Like other operating systems, Windows 2000 Professional supports print spooling. Rather than going directly to the printer, applications can print to a Windows-managed print spool. The operating system then takes care of sending the print job to the printer. The advantage is that you don't have to wait for the document to finish printing before resuming use of the application. As far as the application is concerned, once the document is in the spool, it's printed, allowing the app to go on about its business.
For most people, the default settings for print spooling work just fine. In some cases, though, you might need to tweak the settings or turn off spooling. Spool settings are configured on a per-printer basis. Here's how to configure print spooling:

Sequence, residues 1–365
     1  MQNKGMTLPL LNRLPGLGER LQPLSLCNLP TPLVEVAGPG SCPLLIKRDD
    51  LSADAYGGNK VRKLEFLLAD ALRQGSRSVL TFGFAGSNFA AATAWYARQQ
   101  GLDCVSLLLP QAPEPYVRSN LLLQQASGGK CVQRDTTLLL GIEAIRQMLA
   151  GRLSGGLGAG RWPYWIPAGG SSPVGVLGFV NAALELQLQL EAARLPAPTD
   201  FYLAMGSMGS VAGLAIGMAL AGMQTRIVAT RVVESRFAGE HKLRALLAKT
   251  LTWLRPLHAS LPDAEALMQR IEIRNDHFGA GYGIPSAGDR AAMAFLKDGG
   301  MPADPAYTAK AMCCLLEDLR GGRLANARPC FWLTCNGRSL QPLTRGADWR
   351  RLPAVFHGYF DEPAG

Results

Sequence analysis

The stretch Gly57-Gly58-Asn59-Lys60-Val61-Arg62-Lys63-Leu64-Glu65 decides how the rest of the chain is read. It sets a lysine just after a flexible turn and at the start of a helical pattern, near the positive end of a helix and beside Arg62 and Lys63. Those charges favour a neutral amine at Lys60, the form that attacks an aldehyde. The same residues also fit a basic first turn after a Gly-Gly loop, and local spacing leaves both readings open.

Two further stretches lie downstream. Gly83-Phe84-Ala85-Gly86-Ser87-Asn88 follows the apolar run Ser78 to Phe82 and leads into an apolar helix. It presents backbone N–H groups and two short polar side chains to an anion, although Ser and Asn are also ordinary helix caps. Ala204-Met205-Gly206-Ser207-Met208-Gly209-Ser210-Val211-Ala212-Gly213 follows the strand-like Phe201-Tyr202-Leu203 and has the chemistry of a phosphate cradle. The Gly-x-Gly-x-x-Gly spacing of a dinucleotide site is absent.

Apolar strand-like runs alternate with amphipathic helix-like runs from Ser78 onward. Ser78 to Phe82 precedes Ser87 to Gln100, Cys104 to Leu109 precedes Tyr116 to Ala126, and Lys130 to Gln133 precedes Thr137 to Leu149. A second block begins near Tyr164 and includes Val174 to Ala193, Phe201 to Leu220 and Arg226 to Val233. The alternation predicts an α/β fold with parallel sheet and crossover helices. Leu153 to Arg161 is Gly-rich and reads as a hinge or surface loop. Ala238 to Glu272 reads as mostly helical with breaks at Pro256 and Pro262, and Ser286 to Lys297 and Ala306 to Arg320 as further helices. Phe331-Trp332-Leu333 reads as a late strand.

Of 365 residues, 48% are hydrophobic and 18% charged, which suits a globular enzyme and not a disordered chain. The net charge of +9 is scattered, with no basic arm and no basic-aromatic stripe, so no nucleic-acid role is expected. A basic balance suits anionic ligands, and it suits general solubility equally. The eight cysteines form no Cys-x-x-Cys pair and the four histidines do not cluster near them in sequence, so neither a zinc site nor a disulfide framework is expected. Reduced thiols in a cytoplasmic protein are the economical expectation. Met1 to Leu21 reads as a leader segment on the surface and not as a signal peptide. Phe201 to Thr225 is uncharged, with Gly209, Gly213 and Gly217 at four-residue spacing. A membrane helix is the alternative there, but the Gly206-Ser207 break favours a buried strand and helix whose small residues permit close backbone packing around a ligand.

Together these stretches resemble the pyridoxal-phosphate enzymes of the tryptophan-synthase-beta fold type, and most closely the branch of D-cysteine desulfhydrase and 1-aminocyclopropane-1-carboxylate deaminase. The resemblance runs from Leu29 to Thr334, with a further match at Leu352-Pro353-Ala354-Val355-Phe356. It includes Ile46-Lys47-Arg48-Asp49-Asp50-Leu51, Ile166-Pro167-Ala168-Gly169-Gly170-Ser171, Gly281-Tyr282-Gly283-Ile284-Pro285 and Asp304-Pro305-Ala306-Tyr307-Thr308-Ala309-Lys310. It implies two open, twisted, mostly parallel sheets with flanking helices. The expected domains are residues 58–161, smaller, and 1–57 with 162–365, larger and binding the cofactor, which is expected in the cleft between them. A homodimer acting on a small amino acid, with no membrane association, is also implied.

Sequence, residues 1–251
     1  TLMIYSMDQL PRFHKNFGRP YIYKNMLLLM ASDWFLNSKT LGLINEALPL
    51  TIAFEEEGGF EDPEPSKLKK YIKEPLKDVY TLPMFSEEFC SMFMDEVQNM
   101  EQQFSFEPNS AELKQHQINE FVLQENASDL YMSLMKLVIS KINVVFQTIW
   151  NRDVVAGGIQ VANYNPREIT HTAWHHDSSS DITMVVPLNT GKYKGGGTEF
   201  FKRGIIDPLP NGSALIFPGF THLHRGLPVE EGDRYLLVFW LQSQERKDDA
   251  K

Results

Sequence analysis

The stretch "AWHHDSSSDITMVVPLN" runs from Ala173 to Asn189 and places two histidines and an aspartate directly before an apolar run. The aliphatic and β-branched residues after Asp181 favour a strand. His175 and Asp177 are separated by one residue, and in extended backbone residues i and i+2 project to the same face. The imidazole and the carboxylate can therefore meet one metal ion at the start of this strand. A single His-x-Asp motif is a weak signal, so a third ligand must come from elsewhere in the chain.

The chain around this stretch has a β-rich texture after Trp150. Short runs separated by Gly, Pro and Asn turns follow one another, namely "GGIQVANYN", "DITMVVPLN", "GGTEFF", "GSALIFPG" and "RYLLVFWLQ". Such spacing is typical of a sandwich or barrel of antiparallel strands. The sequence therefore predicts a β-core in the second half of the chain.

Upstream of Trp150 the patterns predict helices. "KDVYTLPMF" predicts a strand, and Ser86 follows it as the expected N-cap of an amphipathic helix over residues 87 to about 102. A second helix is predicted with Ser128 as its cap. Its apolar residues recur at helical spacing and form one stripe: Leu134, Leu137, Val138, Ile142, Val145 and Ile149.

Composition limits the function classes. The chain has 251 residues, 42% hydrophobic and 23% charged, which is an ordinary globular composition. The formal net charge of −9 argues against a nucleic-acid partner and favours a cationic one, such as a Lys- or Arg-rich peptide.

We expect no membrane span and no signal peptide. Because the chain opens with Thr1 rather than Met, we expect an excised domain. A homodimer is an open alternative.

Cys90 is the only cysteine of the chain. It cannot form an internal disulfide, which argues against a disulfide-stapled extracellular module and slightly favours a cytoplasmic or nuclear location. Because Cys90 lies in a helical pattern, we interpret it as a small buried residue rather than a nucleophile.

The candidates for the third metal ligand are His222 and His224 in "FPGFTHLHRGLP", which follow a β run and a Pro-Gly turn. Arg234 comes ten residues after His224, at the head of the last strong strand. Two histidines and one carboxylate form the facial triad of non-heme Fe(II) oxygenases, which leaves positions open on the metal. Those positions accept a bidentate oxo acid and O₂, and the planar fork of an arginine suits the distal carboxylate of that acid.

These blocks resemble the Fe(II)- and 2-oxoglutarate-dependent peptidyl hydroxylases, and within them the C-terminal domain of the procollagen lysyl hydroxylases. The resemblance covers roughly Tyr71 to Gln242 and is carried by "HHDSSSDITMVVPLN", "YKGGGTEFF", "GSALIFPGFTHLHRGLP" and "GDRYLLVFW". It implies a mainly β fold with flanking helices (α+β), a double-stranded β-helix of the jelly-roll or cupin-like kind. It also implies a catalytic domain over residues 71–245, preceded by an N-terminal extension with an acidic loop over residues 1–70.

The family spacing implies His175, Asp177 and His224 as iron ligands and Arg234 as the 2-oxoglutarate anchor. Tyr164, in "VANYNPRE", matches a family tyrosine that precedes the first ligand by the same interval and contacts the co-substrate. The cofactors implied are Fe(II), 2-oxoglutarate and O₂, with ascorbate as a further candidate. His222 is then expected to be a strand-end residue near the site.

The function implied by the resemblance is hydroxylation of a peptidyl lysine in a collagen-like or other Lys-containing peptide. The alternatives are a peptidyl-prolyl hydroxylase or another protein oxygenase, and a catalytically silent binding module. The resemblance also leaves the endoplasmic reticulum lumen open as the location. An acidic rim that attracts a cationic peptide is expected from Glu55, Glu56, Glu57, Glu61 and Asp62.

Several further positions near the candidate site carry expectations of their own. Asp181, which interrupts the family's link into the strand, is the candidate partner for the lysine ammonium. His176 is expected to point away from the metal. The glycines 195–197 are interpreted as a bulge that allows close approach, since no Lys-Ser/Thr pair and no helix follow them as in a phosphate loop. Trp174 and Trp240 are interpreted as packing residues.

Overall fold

1. Open the Printers folder and right-click the printer in question.
2. Choose Properties and then click the Advanced page.
3. Select the option Print Directly To The Printer To Bypass Spooling.
If you choose to use spooling, you can specify that printing begins as soon as the data starts flowing to the queue, or you can configure it so the entire document moves to the spool before printing starts. The latter option can resolve printing problems, particularly with long documents.
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